PROCEDURE FOR INCORPORATING A BUSINESS ENTERPRISE BY A FOREIGN INVESTORPost Comment PROCEDURE FOR INCORPORATING A BUSINESS ENTERPRISE BY A FOREIGN INVESTOR Nigeria
LEGAL FRAMEWORK FOR BUSINESS ACTIVITIES
1 . METHODS OF CONDUCTING BUSINESS
All business enterprises must be registered with the Corporate Affairs Commission. Business activities may be undertaken in Nigeria as a:
(i) Private or Public limited liability company;
(ii) Unlimited liability company;
(iii) Company limited by guarantee;
(iv) Foreign Company (branch or subsidiary of foreign company)
(vi) Sole Proprietorship;
(vii) Incorporated trustees (religious, charitable, philanthropic or cultural);
(viii) Representative office in special cases ;
2. THE COMPANIES AND ALLIED MATTERS ACT AND INCORPORATION PROCEDURES
The Companies and Allied Matters Act, 1990 (the Companies Act) is the principal law regulating the incorporation of businesses. The administration of the Companies Act is undertaken by the CORPORATE AFFAIRS COMMISSION (CAC), which undertakes the administration of the Companies Act.
2.1. Minimum Share Capital and Disclosures in Memorandum of Association
The minimum authorised share capital is N10, 000 in the case of private companies or N500,000 in the case of public companies. The Memorandum of Association must state inter-alia that the subscribers “shall take amongst them a total number of shares of a value not less than 25 per cent of the authorised capital and that each subscriber shall write opposite his name the number of shares he takes.” The law permits and acknowledges the roles of attorneys and other relevant professionals in facilitating business transactions provided, of course, that this “agency arrangement is disclosed”.
2.3. Membership of the Company – Prohibition of Trusts
The Companies Act prohibits “notice of any trust, express, implied or constructive” and such shall not be entered on the register of members or be receivable by the CAC.
All categories of company shares should carry one vote. Shares with “weighted” voting right are prohibited. All shares (i.e. whether ordinary or preferential) issued by a company must carry one vote in respect of each share.
Consequently, preference shareholders are entitled to receive notices and attend all general meetings of the company and may speak and vote on any resolution before the meeting.
2.4. Disclosures To Be published In Company's Correspondence and Business Premises
Every company is obliged to disclose on its letterhead paper used in correspondence, following particulars:
(i) Name of company/ enterprise;
(iii) Registration/Incorporation Number;
(iv) Names of Directors and Alternate Directors (If any).
In addition, the law requires companies/enterprises to ensure that the Certificate of Registration be displayed in conspicuous positions at their principal and branch offices.
3. OPERATIONS OF FOREIGN COMPANIES IN NIGERIA
A non-Nigerian may invest and participate in the operation of any enterprise in Nigeria . However, a foreign company wishing to set up business operations in Nigeria should take all steps necessary to obtain local incorporation of the Nigerian branch or subsidiary as a separate entity in Nigeria for that purpose. Until so incorporated, the foreign company may not carry on business in Nigeria or exercise any of the powers of a registered company.
The foreign investor may incorporate a Nigerian branch or subsidiary by giving a power of attorney to a qualified solicitor in Nigeria for this purpose. The incorporation documents in this instance would disclose that the solicitor is merely acting as an “agent” of a “principal” whose name(s) should also appear in the document. The power of attorney should be designed to lapse and the appointed solicitor ceases to function upon the conclusion of all registration formalities.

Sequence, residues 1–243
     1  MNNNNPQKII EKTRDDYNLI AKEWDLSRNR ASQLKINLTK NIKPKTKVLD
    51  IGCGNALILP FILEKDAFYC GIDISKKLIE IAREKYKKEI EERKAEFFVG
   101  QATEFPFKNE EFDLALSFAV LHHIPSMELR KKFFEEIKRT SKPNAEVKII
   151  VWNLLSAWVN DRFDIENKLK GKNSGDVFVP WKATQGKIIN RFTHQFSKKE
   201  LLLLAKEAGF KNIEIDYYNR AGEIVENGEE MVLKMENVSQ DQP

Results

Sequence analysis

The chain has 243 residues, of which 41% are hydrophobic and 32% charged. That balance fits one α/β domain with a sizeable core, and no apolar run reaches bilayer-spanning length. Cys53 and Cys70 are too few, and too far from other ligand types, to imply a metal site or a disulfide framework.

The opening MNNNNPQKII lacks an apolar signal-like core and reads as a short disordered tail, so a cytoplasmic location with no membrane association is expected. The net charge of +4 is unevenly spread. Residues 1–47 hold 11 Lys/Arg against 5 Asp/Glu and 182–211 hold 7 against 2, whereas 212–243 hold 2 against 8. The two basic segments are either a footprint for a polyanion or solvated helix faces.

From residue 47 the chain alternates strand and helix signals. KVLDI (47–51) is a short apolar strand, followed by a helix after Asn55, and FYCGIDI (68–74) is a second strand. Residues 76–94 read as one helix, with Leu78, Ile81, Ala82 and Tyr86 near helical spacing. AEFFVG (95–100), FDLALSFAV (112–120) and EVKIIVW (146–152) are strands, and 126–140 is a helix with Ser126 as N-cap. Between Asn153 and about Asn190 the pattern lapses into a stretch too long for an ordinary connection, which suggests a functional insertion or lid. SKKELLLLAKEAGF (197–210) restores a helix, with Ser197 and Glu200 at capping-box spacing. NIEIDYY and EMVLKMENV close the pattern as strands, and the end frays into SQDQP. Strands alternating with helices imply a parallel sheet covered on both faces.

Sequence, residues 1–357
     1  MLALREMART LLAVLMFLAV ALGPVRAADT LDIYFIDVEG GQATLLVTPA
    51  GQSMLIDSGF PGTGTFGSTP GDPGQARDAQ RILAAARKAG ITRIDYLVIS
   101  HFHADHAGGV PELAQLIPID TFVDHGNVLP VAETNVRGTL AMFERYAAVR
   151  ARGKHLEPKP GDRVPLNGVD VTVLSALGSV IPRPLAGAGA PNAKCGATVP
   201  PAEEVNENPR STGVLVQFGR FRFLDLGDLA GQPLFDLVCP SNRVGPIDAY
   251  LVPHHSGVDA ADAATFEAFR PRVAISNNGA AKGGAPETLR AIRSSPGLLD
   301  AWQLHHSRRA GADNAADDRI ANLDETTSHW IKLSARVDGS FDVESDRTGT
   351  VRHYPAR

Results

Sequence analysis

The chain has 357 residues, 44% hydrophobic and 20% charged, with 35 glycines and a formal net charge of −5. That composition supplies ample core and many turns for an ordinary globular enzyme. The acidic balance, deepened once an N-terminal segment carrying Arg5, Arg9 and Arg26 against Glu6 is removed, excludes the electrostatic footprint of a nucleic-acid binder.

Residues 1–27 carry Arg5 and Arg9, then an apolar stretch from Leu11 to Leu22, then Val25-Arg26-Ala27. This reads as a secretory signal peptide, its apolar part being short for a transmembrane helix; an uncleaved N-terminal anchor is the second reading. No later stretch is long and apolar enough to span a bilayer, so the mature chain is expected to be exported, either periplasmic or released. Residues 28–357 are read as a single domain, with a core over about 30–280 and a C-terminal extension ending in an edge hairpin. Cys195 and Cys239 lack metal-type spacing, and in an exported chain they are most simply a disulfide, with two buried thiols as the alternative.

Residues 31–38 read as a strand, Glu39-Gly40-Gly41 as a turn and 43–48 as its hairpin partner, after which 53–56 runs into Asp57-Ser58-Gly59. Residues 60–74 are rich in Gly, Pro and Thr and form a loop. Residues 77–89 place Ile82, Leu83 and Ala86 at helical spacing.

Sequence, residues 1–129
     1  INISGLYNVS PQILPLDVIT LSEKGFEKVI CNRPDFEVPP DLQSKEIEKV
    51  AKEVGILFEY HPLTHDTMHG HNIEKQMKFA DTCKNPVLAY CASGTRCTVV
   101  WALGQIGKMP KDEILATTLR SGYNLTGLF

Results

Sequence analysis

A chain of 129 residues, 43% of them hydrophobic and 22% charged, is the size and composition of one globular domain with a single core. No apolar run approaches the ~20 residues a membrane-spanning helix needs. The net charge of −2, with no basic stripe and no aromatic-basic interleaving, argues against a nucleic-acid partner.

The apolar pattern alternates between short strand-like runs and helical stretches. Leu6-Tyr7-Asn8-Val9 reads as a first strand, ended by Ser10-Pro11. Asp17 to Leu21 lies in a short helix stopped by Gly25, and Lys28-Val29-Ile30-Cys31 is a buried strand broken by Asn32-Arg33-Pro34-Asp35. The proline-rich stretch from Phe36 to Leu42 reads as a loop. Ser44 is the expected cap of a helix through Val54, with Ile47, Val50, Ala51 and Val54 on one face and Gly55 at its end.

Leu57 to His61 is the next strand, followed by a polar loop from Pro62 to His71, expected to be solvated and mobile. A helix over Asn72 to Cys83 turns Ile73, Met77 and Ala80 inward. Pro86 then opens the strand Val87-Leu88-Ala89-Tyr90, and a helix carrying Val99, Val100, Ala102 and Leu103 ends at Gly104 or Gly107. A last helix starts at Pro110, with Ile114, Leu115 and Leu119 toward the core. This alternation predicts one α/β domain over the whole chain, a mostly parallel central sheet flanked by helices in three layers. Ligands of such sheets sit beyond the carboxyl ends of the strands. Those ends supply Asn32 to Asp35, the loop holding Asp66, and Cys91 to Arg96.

The locally incorporated branch or subsidiary company must then register with the Nigerian Investment Promotion Commission (NIPC) before commencing formal operations. The new company may also apply to NIPC for other investment approvals (e.g expatriate quota) and other incentives.
3.1. Exemption to the General Rule
Where exemption from local incorporation is desired, a foreign company may apply in accordance with Section 56 of the Companies Act, to the National Council of Ministers for exemption from incorporating a local subsidiary if such foreign company belongs to one of the following categories:
(a) “foreign companies invited to Nigeria by or with the approval of the Federal Government of Nigeria to execute any specified individual project;
(b) foreign companies which are in Nigeria for the execution of a specific individual loan project on behalf of a donor country or international organisation;
(c) foreign government-owned companies engaged solely in export promotion activities; and
(d) engineering consultants and technical experts engaged on any individual specialist project under contract with any of the governments in the Federation or any of their agencies or with any other body or person, where such contract has been approved by the Federal Government.”
The application for exemption from disclosing certain details about the applicant is to be made to the Secretary to the Government of the Federation (SGF). If successful, the request of the applicant is granted upon such terms and conditions as the National Council of Ministers may think fit.
3.2. Representative Offices
Foreign companies may set up representative offices in Nigeria . A representative office however, cannot engage in business or conclude contracts or open or negotiate any letters of credit. It can only serve as a promotional and liaison office, and its local operational expenses have to be inflowed from the foreign company. A representative office has to be registered with the CA .
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